Would you feel happy for your friend? Or would you feel used? After all, your friend took the initiative; she took the risk (after all, what if someone got sick and decided to sue her?); she organized the event; she provided the venue. In short, your friend was the entrepreneur; she “owned” the party. And if that’s not to your liking, what’s stopping you from throwing a party of your own?

But you may still experience a sense of betrayal that comes from feeling obliged to attend an event for friendship’s sake—an event that ostensibly was just a party but turned out to be a fundraiser for your friend’s spoiled kid. In addition, your attendance at the party mandated the attendance of your spouse, prompted you to buy a new dress, and encouraged your mutual friends to attend as well. So you also unwittingly marketed this fundraiser for an over-privileged kid. And of course, since the food was sub-par, you feel taken by your own friend.

Stone Soup 2.0

This modern retelling of the Stone Soup fable is a commentary on capitalistic society, one in which the Pot & Stone owners walk away with most of the soup. Or more literally, American capitalism is a system that distributes the greatest rewards to owners of infrastructure. In this economic arrangement, business owners have much greater control over the value created by the business than do the contributors. This reward structure is said to encourage private enterprise and competition, which eventually will produce the greatest good for the largest number of people.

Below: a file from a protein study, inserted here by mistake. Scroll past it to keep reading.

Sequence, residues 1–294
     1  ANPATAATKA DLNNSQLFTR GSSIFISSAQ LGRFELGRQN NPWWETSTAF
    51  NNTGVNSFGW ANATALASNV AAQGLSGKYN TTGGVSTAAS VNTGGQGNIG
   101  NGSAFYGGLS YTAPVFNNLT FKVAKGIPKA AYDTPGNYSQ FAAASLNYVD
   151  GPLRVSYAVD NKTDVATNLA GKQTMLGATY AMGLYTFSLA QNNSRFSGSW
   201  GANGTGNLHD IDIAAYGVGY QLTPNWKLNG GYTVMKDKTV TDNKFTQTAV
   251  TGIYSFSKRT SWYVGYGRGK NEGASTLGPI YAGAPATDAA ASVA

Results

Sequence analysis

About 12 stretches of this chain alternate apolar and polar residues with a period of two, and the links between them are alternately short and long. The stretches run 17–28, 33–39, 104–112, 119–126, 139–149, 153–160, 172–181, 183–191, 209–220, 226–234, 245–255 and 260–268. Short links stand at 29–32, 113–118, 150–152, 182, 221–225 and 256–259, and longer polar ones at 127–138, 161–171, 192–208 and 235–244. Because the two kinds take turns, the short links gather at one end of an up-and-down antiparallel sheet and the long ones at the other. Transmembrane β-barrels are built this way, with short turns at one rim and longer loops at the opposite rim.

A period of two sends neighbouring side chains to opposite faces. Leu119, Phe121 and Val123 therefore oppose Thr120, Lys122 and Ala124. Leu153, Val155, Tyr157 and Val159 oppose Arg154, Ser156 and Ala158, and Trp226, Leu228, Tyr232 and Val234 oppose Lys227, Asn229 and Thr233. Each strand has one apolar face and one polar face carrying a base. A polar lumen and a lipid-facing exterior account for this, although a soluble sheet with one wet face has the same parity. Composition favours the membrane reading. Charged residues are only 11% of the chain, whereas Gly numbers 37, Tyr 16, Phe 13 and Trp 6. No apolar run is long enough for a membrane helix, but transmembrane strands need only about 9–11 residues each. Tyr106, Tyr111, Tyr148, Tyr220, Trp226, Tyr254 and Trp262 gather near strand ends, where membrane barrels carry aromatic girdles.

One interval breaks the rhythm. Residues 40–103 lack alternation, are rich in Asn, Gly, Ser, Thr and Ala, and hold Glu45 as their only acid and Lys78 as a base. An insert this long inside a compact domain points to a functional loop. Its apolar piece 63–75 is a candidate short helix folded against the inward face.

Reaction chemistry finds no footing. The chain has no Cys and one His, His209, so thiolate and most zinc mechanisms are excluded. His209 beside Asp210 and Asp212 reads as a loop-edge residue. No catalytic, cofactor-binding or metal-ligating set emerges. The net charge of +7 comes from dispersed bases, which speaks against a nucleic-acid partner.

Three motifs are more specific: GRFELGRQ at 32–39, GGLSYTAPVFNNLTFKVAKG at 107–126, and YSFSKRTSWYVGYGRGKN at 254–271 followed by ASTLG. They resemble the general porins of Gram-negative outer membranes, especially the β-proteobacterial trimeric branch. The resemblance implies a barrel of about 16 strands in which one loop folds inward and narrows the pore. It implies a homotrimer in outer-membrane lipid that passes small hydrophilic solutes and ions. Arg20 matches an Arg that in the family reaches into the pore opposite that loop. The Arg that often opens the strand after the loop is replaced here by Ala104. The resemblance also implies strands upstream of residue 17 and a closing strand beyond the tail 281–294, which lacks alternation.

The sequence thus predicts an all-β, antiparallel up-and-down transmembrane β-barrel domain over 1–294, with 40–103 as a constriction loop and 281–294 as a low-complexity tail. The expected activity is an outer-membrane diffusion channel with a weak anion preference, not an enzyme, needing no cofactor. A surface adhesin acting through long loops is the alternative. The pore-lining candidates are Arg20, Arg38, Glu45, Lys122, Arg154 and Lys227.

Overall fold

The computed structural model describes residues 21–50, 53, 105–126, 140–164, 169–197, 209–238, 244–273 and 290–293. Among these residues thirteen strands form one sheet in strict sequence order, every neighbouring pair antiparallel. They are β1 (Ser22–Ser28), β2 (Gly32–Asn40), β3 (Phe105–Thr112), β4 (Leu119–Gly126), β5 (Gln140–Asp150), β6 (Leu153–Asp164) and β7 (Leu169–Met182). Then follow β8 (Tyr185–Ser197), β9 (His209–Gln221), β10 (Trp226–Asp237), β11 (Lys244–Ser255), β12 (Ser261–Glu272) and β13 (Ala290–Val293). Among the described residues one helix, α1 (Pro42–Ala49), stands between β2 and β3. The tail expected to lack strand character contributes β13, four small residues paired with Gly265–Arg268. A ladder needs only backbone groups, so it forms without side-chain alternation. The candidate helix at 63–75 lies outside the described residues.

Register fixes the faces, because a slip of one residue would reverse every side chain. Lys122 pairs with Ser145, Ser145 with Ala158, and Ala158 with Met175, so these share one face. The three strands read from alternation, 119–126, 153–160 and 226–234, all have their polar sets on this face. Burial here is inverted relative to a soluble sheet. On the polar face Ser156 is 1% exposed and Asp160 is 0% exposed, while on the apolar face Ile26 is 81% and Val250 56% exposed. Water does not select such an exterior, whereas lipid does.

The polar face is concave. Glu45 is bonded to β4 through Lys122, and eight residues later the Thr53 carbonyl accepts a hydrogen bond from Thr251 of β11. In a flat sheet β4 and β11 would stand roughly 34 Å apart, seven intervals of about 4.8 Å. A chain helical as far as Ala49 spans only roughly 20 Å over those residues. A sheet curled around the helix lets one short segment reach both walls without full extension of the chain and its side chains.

But the Law of Relational Symmetry tells us that the party in control of the relationship will exploit the other participants. In today’s businesses, owners control the most important aspects of the relationship, such as the ability to set compensation, benefits, and terms of employment. Contributors usually have to sign away their rights to any intellectual property they create to their employer. And often, contributors sign non-compete agreements that restrict their movements after refusing to work under unfavorable terms. With no ability to hold property (intellectual property in this case) and an acute need for income and healthcare, workers in today’s society need jobs the way Victorian women needed husbands.